I wrote about DeAngelo Williams yesterday and how he already looks prepared for the start of the regular season, during the first two games of which he will be called upon to be the starting running back of the Pittsburgh Steelers. It was the reason he was signed in the offseason after learning about Le’Veon Bell’s suspension.
It should not be a surprise, after all, as he has been a starter for the majority of his lengthy career. He has the capacity to be an all-around back, and he showed that in spades in short work against the Bills in rushing, receiving, and pass protection.
Pass protection is a substantially undervalued facet of the running back position, and by the looks of it this preseason, Williams may be the only halfback on the roster outside of Bell that is actually able to do it. He showed as much early on by picking up Jerry Hughes around the left edge, assisting the tight end in his block, though the play resulted in a sack anyway.
Williams got the Steelers’ second drive off on the right foot, and was largely the primary catalyst on the length of the drive, accounting for 25 yards and eight points. It started out through the air, opening the series with a 10-yard reception on which he spun off the contact of two defenders.
It’s worth taking a closer look, however, at the throw, and the catch. The throw was actually delivered behind Williams, aimed where he was rather than where he was going. The veteran running back did an impressive job of reaching back for the ball in stride and hauling it in effortlessly.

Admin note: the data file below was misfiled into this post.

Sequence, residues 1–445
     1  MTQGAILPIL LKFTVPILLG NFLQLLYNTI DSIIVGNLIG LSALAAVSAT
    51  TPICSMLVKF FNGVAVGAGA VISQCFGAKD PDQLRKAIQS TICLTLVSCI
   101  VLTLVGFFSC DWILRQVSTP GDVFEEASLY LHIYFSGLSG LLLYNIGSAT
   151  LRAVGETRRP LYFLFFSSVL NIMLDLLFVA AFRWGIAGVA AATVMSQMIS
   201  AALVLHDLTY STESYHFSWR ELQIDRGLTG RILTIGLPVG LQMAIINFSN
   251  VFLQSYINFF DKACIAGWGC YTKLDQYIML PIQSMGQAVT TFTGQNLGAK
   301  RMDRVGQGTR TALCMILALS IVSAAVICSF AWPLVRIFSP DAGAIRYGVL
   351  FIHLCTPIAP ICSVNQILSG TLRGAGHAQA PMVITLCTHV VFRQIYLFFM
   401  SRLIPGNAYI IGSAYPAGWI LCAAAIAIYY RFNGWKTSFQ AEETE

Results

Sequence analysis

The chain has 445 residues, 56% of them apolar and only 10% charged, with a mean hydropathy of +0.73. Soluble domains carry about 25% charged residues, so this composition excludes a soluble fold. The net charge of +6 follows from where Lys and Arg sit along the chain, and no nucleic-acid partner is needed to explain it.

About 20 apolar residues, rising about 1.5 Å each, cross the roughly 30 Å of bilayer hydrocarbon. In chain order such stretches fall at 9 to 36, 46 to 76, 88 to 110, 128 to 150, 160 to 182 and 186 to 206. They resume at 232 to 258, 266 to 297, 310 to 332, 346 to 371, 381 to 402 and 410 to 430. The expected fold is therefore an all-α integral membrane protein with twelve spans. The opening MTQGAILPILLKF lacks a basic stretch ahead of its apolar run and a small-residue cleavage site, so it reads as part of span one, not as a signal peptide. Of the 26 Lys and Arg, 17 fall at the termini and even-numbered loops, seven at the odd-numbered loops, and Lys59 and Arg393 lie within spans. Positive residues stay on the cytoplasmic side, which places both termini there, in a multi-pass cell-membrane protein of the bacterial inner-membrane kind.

Williams followed that up with a 14-yard run up the right sideline, through a hole afforded him with some quality blocking by the right side of the offensive line, as well as the perimeter. It was a fairly easy run, but for his part, he showed good burst at his new playing weight of 215 pounds.
The veteran capped off the drive with a one-yard touchdown run that he made look easy. Williams made sure to hug the line before kicking the run out wide and outracing the defensive backs handily to the perimeter.
It was the Steelers’ first rushing touchdown of the preseason, coming out of a rare 23 set, with no receivers on the field. There was no deception here that it would be a run. Pittsburgh, and Williams, simply out-executed on the play.
For an encore, Williams and the Steelers scored on the ground again for the two-point conversion, with Williams actually slipping and losing his footing as he tried to cut the run back. He was quick to get back on his feet and finish the play, however, getting into the end zone untouched.
For those who may have doubted whether or not the offense would be in good hands in the backfield in the absence of Bell—a doubt well-founded in prior evidence—Williams provided the necessary answers against the Bills, checking all the boxes in each phase of his game.